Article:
He didn't tell his family what he was planning when he left for Venezuela, he said. He didn't want them to suffer any potential repercussions. He only told a friend.
"You can't imagine how fast my heart was beating," Pena said Wednesday morning.
He crawled out the window to a waiting car, where a man hired by his agent to help him defect took him on a five-hour drive towards the Venezuelan beach town of Chichiriviche, where he would spend the next five months hiding in a house so that Venezuelan authorities couldn't find him and deport him. He wouldn't dare go outside.
He finally emerged for a trip to Costa Rica, where Pena spent five more months working out and preparing to try out for Major League teams. He signed with Atlanta, moved to Florida, became an American citizen, welcomed his parents and his siblings to America, and started a family of his own.
"When I became an American citizen five years ago, I felt, 'This is the highlight of my life,'" Pena said.
It's more than just baseball for him now. After coming to the United States to pursue his Major League dreams, he's living the American dream. After four years with the Royals, he gets to train close to home in Florida, seeing his two kids every morning before he makes the short drive from his home in Kissimmee to Lakeland. He speaks English fluently after knowing nary a word when he first landed.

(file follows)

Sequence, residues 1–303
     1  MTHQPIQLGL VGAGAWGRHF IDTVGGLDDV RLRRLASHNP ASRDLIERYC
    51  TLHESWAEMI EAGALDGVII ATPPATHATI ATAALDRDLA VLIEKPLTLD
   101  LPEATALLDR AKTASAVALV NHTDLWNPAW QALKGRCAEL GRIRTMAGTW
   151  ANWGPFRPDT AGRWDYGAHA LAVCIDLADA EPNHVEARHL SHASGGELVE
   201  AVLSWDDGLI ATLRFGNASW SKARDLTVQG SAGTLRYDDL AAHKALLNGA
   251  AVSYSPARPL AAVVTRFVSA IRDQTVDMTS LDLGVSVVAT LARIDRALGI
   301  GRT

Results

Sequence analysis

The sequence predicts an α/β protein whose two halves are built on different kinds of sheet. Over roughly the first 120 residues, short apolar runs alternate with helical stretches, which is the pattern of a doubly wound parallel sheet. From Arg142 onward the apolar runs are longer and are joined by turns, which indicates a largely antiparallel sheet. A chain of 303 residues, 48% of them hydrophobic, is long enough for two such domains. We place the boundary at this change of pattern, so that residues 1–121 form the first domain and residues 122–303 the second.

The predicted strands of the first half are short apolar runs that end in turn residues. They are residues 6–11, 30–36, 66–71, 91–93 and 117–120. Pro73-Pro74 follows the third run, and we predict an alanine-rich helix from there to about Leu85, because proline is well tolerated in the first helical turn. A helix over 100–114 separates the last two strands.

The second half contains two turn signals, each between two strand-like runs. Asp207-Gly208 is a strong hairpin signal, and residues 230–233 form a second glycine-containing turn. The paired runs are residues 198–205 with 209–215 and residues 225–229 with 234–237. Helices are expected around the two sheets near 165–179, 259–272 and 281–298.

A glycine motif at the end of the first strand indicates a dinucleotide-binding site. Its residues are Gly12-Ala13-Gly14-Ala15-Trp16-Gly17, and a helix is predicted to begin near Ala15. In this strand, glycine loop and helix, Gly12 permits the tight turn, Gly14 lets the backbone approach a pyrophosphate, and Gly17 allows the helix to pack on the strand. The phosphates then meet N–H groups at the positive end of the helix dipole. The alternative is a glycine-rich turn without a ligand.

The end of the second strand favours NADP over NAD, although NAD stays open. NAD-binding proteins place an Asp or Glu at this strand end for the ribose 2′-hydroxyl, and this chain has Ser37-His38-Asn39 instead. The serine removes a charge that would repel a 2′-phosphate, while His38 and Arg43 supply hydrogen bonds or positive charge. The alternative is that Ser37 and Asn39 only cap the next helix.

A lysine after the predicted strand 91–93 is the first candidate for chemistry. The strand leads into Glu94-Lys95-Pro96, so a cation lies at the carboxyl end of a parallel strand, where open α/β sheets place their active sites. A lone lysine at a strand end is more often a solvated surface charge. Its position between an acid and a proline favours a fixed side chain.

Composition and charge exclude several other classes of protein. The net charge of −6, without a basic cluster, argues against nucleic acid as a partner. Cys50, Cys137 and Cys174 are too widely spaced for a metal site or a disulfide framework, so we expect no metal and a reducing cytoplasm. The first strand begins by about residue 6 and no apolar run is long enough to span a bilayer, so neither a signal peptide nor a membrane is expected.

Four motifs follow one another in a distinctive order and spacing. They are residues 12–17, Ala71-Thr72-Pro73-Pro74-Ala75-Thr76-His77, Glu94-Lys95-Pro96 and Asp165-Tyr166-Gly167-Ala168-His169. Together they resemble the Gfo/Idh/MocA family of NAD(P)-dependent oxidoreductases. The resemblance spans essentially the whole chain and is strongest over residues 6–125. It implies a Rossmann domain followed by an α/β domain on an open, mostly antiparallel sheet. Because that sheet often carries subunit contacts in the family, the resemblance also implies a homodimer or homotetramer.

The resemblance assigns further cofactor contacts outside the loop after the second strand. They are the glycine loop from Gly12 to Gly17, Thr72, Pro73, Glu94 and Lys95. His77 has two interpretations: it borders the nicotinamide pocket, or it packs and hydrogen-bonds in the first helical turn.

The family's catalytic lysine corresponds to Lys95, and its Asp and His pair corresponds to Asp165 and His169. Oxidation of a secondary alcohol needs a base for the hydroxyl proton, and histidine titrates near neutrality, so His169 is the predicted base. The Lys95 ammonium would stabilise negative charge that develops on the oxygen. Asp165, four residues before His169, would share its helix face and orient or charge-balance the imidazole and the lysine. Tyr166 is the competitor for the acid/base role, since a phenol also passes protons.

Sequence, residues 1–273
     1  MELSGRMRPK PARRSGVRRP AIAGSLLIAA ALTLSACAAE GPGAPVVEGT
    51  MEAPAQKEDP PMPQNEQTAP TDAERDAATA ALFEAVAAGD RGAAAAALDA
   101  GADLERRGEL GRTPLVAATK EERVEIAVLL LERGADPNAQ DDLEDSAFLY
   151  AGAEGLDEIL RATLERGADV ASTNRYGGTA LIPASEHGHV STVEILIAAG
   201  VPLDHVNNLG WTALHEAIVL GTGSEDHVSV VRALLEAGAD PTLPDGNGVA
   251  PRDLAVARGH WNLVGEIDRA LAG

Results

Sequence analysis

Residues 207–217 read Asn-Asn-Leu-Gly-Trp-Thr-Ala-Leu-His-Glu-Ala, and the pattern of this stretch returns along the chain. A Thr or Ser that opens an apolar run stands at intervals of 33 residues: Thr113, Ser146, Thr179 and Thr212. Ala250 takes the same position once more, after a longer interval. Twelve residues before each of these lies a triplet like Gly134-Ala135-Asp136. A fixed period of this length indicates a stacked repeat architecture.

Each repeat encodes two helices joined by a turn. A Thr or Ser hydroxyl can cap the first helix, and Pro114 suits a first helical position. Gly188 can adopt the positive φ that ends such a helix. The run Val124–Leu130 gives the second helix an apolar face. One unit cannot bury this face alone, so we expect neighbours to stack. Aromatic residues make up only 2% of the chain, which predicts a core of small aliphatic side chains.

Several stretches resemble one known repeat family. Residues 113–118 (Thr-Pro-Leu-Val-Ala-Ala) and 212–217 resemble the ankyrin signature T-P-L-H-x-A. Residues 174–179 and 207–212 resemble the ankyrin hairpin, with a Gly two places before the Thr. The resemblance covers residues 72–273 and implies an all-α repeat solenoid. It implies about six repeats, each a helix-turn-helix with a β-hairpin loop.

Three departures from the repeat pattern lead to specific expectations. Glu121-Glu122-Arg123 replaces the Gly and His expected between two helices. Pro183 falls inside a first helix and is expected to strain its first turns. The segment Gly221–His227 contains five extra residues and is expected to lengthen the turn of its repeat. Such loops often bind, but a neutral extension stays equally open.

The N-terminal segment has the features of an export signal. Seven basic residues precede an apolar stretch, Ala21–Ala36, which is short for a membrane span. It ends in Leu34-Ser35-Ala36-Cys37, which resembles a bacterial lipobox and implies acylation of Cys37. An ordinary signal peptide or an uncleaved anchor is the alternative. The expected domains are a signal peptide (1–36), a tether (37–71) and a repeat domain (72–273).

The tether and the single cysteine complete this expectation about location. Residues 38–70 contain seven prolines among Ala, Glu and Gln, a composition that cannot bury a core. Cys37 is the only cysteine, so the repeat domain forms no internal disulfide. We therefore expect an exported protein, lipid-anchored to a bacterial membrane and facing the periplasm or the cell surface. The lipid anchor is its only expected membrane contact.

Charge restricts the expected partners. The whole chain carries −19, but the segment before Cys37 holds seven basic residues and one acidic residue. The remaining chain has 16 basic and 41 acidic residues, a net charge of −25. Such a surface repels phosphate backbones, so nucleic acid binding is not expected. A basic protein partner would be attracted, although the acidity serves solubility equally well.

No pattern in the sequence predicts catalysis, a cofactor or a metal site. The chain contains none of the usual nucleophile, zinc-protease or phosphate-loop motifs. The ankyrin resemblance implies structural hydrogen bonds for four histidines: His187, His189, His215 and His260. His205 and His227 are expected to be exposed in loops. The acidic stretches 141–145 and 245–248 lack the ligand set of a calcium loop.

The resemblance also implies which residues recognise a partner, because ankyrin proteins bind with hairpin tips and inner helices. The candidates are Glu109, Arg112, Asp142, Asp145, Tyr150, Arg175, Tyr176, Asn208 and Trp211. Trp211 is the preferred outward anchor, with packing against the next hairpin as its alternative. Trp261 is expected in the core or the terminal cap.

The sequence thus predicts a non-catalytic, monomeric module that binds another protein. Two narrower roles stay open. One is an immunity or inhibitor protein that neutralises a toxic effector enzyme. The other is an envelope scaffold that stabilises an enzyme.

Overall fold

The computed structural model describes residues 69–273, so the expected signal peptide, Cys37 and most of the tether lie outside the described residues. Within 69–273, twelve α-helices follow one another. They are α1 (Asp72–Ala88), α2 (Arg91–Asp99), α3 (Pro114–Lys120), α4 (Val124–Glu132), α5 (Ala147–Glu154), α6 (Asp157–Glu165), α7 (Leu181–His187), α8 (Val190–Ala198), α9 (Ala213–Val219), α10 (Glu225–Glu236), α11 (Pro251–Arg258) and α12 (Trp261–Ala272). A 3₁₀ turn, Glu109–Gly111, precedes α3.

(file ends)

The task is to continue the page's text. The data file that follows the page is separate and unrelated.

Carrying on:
"I came from Cuba with no expectations," he said. "I'm so thankful."
And now, he has a chance to live out his World Series dreams. It wasn't a role the Tigers were looking to fill when the offseason began, but they jumped at the chance to fill it with Pena once he became a free agent.
Detroit went into the offseason planning on Bryan Holaday backing up Alex Avila but wanting an option at Triple-A Toledo in case of injury. As it turned out, finding a veteran catcher willing to sign a Minor League deal with a contending team was tougher than finding a veteran catcher willing to sign a reasonable Major League deal to be a backup. The Tigers liked Pena, so they changed course.
"It's a great feeling," Pena said. "I'm very excited. I feel like I belong here. All the guys, they've welcomed me. The chemistry here is amazing."
Manager Jim Leyland admired Pena from the other dugout for the past few years, especially as a switch-hitter.
"He's always been a pretty good little hitter," Leyland said. "He keeps innings going. He's a good kid. He's a hard worker. He's got a good personality. He's a perfect fit. I don't think anybody realizes the importance of somebody understanding and accepting a role. And when you get that combination, that's really a bonus for a manager, because that's one less headache."